Yearb Med Inform 2009; 18(01): 84-95
DOI: 10.1055/s-0038-1638644
Original Article
Georg Thieme Verlag KG Stuttgart

The Changing Nature of Clinical Decision Support Systems: a Focus on Consumers, Genomics, Public Health and Decision Safety

E. Coiera
1  Centre for Health Informatics, University of New South Wales, Sydney, Australia
,
A. Y. S. Lau
1  Centre for Health Informatics, University of New South Wales, Sydney, Australia
,
G. Tsafnat
1  Centre for Health Informatics, University of New South Wales, Sydney, Australia
,
V. Sintchenko
1  Centre for Health Informatics, University of New South Wales, Sydney, Australia
,
F. Magrabi
1  Centre for Health Informatics, University of New South Wales, Sydney, Australia
› Author Affiliations
Further Information

Publication History

Publication Date:
07 March 2018 (online)

  

Summary

Objectives To review the recent research literature in clinical decision support systems (CDSS).

Methods A review of recent literature was undertaken, focussing on CDSS evaluation, consumers and public health, the impact of translational bioinformatics on CDSS design, and CDSS safety.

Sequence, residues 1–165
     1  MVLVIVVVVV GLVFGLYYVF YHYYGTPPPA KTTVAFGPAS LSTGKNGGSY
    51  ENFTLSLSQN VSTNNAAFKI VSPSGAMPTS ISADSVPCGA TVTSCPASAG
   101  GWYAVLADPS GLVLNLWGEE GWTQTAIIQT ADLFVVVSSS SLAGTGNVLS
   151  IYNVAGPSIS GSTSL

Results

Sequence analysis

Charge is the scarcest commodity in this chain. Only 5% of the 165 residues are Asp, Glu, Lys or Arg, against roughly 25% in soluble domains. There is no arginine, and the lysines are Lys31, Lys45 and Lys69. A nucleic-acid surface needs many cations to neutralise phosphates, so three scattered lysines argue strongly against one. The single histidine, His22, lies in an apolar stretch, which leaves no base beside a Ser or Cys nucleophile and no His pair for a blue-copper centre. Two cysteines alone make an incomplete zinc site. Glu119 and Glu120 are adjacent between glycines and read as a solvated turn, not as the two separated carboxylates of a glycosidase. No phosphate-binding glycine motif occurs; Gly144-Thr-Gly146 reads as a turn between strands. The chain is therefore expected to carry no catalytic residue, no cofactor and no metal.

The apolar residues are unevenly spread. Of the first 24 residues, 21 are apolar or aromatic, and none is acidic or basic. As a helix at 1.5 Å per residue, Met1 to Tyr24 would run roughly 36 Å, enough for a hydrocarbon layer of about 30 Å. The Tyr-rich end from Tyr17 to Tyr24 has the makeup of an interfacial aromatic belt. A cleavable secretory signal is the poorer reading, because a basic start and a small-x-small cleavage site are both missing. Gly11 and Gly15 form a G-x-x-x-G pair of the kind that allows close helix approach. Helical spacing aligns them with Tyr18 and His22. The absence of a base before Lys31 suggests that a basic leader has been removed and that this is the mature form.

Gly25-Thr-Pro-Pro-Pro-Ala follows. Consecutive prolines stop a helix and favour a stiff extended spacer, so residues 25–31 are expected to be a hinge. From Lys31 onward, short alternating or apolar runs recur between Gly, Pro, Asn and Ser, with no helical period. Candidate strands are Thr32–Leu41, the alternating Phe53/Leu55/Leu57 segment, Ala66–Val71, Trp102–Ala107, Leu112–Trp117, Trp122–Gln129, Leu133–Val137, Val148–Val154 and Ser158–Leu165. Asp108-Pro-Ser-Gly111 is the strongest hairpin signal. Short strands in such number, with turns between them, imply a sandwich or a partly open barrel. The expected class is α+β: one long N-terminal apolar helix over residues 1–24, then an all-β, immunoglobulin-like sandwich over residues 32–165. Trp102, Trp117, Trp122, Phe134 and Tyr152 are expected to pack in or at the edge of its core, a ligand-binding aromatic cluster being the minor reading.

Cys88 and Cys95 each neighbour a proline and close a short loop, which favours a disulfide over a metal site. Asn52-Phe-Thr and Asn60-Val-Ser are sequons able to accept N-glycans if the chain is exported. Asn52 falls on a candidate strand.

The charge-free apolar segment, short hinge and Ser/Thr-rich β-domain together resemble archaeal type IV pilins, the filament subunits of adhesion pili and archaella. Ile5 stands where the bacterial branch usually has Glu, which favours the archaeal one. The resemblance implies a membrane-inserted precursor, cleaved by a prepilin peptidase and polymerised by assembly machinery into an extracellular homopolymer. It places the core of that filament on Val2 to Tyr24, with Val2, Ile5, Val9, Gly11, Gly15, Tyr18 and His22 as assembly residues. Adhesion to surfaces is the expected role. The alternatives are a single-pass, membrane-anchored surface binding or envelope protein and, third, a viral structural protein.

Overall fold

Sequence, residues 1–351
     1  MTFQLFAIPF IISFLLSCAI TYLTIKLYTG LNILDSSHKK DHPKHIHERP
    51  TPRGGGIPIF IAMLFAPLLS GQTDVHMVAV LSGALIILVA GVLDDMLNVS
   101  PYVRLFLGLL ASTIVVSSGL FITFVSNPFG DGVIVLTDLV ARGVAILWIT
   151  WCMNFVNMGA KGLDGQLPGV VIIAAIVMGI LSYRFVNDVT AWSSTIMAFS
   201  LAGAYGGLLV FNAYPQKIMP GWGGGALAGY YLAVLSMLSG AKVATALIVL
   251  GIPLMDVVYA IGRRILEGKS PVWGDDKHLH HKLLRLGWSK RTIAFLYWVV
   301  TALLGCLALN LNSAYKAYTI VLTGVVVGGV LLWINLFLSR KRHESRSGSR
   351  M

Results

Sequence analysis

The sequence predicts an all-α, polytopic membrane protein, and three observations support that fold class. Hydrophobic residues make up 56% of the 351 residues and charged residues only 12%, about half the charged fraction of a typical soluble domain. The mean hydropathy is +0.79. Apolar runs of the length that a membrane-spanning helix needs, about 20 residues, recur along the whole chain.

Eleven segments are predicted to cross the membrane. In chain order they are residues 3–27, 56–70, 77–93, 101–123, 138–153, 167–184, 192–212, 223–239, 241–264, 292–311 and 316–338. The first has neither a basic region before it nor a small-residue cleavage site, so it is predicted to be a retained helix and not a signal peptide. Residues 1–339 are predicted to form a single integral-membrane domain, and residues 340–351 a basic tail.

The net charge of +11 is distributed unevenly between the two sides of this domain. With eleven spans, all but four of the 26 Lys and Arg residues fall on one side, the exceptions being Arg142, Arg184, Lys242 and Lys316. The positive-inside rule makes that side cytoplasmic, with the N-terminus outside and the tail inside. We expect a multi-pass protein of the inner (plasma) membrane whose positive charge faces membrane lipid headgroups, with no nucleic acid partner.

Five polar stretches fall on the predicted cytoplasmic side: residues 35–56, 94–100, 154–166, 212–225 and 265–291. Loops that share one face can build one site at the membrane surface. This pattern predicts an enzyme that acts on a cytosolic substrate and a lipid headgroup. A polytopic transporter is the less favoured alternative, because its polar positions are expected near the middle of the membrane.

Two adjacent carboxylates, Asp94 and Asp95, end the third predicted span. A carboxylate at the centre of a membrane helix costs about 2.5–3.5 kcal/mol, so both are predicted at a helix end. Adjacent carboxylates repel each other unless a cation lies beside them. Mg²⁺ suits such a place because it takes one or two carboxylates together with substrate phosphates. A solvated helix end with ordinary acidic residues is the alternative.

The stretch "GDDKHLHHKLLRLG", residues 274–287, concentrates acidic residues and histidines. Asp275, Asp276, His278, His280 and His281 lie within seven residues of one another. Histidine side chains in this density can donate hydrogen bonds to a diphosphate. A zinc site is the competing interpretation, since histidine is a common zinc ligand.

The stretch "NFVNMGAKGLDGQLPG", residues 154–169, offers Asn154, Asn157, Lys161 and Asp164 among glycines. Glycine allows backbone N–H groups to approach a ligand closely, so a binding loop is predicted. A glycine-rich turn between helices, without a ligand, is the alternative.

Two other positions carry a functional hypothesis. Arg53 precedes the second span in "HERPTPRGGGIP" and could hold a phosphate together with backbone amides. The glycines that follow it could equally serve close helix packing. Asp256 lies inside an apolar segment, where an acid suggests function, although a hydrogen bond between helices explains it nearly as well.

Results In recent years, researchers have concentrated much less on the development of decision technologies, and have focussed more on the impact of CDSS in the clinical world. Recent work highlights that traditional process measures of CDSS effectiveness, such as document relevance are poor proxy measures for decision outcomes. Measuring the dynamics of decision making, for example via decision velocity, may produce a more accurate picture of effectiveness. Another trend is the broadening of user base for CDSS beyond front line clinicians. Consumers are now a major focus for biomedical informatics, as are public health officials, tasked with detecting and managing disease outbreaks at a health system, rather than individual patient level. Bioinformatics is also changing the nature of CDSS. Apart from personalisation of therapy recommendations, translational bioinformatics is creating new challenges in the interpretation of the meaning of genetic data. Finally, there is much recent interest in the safety and effectiveness of computerised physicianorderentry (CPOE) systems, given that prescribing and administration errors are a significant cause of morbidity and mortality. Of note, there is still much controversy surrounding the contention that poorly designed, implemented or used CDSS may actually lead to harm.

Conclusions CDSS research remains an active and evolving area of research, as CDSS penetrate more widely beyond their traditional domain into consumer decision support, and as decisions become more complex, for example by involving sequence level genetic data.